When having a new eco-friendly home built, you may include solar panels and double-glazed windows. These are very eco-friendly choices, but they're not the only options for ensuring your new home uses fewer natural resources and less power and doesn't hurt the environment during its construction. Note a few unique choices you may have overlooked and then discuss them with your builder so you can ensure your home is as eco-friendly as possible.
A berm is a small hill, and a bermed home is a house built directly into such a hill. The berm or hill would cover the back end of the home and even some of the roof. This means less direct sunlight during summertime, so the interior of the home stays cooler. The berm also helps to insulate the home during wintertime. There is also less risk of soil erosion when the home is backed up into a hill this way, which helps preserve the environment. Inside, the home can be designed with an open floor plan that allows light from the front to pass through the entire home, so you don't miss any sunlight that gets blocked from the bermed side of the house.
You may not realize how a three-story home is better for the environment, but keep in mind that heat rises; having a one-story home often means that a furnace needs to work harder to blow that warm air through the entire house during wintertime. Having a taller home allows the heat to rise naturally, where it will collect in the bedrooms on the upper story. This isn't typically a problem during warm summer months, as the heat will mostly collect in those rooms during the day when they're unoccupied. Having a taller home with a smaller footprint can also mean not needing to clear as much vegetation for your new home to be built, which is also very healthy for the environment.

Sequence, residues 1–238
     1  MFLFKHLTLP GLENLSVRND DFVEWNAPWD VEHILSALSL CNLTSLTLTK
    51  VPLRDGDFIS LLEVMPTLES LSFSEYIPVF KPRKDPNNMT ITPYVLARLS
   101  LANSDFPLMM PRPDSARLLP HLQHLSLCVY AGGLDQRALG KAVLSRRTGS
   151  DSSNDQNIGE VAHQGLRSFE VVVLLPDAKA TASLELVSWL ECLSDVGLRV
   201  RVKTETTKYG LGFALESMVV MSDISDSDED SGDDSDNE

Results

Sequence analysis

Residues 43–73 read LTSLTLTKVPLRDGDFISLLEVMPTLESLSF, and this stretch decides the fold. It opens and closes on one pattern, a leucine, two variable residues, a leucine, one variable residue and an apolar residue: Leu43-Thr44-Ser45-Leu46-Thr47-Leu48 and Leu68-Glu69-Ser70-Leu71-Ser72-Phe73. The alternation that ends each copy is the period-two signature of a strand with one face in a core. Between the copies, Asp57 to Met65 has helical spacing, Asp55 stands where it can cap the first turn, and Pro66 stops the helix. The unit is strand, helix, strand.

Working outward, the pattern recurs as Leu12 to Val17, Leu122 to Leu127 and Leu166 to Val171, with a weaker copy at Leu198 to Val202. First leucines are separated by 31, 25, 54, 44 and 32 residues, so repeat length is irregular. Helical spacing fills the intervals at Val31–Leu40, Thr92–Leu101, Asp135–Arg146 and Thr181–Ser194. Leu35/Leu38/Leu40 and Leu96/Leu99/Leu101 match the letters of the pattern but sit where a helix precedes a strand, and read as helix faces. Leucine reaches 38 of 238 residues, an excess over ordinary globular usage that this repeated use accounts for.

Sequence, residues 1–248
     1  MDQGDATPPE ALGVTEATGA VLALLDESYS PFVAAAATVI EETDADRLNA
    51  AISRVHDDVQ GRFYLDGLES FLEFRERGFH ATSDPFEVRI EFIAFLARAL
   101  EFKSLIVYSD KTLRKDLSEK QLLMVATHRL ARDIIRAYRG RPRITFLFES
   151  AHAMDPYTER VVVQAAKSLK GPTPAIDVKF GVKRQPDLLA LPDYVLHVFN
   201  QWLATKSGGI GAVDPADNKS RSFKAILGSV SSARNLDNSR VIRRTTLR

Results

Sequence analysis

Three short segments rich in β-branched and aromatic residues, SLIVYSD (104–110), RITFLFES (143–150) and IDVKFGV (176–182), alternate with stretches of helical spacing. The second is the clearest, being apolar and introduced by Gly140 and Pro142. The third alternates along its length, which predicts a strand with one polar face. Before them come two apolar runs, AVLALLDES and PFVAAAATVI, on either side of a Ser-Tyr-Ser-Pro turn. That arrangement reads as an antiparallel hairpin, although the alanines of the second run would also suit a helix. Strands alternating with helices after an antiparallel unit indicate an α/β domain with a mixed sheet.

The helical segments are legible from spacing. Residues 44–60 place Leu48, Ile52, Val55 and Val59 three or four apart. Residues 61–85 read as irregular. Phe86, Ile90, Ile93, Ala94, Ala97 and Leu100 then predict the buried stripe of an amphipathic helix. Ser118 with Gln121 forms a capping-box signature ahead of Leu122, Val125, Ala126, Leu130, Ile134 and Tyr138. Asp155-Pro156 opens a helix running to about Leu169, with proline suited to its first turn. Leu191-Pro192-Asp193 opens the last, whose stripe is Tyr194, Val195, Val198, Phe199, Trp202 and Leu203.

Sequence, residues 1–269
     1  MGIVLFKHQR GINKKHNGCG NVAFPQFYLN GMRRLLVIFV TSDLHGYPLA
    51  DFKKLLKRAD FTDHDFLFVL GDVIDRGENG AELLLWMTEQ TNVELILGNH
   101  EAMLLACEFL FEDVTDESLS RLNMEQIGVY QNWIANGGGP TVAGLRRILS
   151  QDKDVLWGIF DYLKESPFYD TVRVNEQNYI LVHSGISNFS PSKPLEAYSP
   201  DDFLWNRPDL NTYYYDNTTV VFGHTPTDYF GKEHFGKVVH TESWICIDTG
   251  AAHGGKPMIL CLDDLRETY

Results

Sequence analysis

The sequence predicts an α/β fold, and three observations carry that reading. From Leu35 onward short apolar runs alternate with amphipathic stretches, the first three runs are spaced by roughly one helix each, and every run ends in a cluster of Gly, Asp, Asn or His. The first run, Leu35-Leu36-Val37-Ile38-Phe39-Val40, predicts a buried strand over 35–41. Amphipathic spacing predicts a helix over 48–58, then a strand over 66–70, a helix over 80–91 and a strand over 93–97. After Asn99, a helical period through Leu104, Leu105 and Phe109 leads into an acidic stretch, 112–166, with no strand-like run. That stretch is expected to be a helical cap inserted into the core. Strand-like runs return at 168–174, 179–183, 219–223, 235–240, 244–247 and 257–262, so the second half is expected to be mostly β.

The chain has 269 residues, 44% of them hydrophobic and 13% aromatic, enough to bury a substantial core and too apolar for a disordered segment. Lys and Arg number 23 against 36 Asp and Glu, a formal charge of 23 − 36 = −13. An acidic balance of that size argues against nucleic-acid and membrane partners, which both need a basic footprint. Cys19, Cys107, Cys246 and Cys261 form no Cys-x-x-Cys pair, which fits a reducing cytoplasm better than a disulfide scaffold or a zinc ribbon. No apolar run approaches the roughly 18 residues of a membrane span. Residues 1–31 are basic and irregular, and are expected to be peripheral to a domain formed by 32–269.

A living wall is a wall outside your home that is designed to hold vegetation. This wall will be built with PVC pipe or another type of trench that holds sod for plants. This living wall helps to keep a side of the home especially cool and insulated, and the added plant life can help clean the air. Ask your homebuilder about creating a living wall along one side of the home so these trenches can be incorporated in that design and worked around windows, as well as having proper drainage at their base, to direct water runoff away from the home.Share